At the time she was speaking, Lynch was in the middle of negotiations with the Giuliani administration about reaching some sort of agreement that would avoid the need for a lawsuit. That, along with her general professional temperament, could be why Lynch favored the carrot over the stick. “The goal is to set in place a format for change so that the police departments can operate effectively, protect individuals, and carry out their law enforcement mandate without violating constitutional rights,” she said. “Quite frankly, our goal is to try and get ahead of the curve. It is to our advantage to enter into more of a partnership model with the police, so that problems of excessive force — the individual incidents as well as patterns of abuse that affect the entire city — don’t occur.”
Lynch closed by offering a glimpse into her own feelings about this issue — how the community’s relationship with the police speaks to something more profound about a society. “The reality is that when people, as they have in this city, say that they are afraid of the police, that is on its surface a terrible thing,” Lynch said. “What they really are expressing is an even deeper fear: that if they ever need help, if a criminal element in our society ever comes into contact with them, they will have no one to call, nobody to protect them. That is the worst feeling in the world. That’s why it’s a federal issue, spanning the city and this country. The Justice Department thinks it’s uniquely positioned to work with this issue, in conjunction with other offices.”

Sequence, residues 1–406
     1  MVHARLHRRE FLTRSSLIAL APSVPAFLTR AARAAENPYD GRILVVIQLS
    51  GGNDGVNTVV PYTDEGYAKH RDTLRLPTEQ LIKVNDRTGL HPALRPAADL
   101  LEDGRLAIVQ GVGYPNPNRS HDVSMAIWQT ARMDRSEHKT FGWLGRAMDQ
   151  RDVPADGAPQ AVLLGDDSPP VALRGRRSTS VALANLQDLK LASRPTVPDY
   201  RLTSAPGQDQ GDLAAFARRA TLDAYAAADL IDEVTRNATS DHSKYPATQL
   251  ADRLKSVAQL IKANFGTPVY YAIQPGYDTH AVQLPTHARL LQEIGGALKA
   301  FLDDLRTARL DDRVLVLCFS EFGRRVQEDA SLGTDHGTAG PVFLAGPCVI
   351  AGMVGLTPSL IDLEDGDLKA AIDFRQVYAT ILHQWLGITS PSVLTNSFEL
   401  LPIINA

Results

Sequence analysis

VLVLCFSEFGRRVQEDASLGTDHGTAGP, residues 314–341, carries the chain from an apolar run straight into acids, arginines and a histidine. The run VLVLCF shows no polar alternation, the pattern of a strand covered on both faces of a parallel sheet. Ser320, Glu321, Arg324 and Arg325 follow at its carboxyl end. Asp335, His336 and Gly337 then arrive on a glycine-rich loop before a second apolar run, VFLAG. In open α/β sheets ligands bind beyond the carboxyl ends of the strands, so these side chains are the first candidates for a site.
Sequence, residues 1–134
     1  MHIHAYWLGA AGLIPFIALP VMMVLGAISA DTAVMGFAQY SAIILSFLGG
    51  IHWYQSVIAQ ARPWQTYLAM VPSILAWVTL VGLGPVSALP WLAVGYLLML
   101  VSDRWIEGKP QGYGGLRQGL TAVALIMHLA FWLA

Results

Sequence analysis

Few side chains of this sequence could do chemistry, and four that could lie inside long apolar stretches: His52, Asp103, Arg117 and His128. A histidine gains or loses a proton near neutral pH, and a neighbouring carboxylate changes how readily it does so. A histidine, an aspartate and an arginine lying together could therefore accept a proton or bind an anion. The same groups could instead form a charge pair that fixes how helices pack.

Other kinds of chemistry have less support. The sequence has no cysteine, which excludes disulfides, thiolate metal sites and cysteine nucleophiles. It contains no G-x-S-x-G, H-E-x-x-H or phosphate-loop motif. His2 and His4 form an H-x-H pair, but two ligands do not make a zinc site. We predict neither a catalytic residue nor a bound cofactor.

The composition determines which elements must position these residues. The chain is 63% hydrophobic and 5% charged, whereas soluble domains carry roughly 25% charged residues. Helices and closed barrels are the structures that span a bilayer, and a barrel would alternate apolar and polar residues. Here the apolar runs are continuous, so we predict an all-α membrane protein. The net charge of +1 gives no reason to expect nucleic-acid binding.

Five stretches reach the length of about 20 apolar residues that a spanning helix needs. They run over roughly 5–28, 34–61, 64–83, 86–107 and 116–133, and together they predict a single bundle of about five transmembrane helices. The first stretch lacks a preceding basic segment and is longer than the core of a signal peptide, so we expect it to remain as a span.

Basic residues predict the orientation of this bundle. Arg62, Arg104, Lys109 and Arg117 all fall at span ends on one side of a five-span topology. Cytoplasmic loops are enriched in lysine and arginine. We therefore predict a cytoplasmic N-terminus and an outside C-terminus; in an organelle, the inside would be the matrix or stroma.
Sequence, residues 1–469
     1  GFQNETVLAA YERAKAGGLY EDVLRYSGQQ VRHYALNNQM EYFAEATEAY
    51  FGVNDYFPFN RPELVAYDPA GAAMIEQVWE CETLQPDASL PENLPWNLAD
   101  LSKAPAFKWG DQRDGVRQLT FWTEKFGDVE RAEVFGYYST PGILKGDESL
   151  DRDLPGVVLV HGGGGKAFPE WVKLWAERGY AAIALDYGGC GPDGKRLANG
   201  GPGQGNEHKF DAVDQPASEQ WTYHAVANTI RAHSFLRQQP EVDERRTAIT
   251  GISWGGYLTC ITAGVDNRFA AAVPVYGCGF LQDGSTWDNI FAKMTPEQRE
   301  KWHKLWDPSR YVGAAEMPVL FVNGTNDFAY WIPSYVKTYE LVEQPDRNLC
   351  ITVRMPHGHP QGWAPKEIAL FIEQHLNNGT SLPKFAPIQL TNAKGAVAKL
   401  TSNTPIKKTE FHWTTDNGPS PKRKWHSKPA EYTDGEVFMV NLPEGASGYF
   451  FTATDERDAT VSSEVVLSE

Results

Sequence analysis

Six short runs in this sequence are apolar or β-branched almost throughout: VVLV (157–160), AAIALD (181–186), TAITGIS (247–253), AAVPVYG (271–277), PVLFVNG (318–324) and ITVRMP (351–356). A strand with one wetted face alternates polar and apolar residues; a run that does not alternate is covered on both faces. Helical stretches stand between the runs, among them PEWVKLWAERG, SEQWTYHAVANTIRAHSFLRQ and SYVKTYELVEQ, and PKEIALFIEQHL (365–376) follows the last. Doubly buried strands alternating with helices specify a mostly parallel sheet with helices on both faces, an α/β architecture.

What happened next will likely be a lesson for Lynch as she tries to make that partnership model work in Ferguson with the limited time she’ll have as attorney general: Giuliani spent the next six months running out the clock on Lynch’s federal probe, negotiating privately with her office. The feds never prosecuted or called for a federal monitor. In 2001, there was a new president, George W. Bush, and a new priority, after 9/11 — and with that, a new U.S. attorney in Brooklyn. Mary Jo White left her job at the end of the year, too, with no lawsuit resulting from her racial-profiling probe. In 2010, Lynch returned to the job as an Obama appointee, working under Eric Holder, who has launched some 35 different civil-rights probes into police departments around the country, twice more than any of his predecessors — Abequerque, New Orleans, Seattle, St. Louis, and, of course, Ferguson. Lynch, in recent years, served as a member of Holder’s Advisory Committee of U.S. Attorneys, and this summer, she met with the family of Eric Garner, the African-American Staten Island man who died after a cop chokehold, as Garner was becoming another case in point for activists outraged by police use of force. (The grand jury is expected to weigh in any day now.)
In Ferguson, Holder has actually launched two federal civil-rights probes. The first, into Darren Wilson himself, fell short, just like the criminal case. (The problem: Wilson’s actions had to be considered “willful,” which will be hard to prove, given how, despite the reason, he did consistently claim to be in fear for his life.) But the broader “pattern and practice” probe is still alive — and may soon become Lynch’s case. “She has the experience of working on some sensitive and high-profile police cases,” Vinegrad says. “That definitely applies to ‘pattern and practice.’ There’s learning and experience that comes from that, which other prosecutors, through no fault of their own, never get to do.” In the months to come, Lynch may have a second chance to bring about the lasting change she hoped for 14 years ago.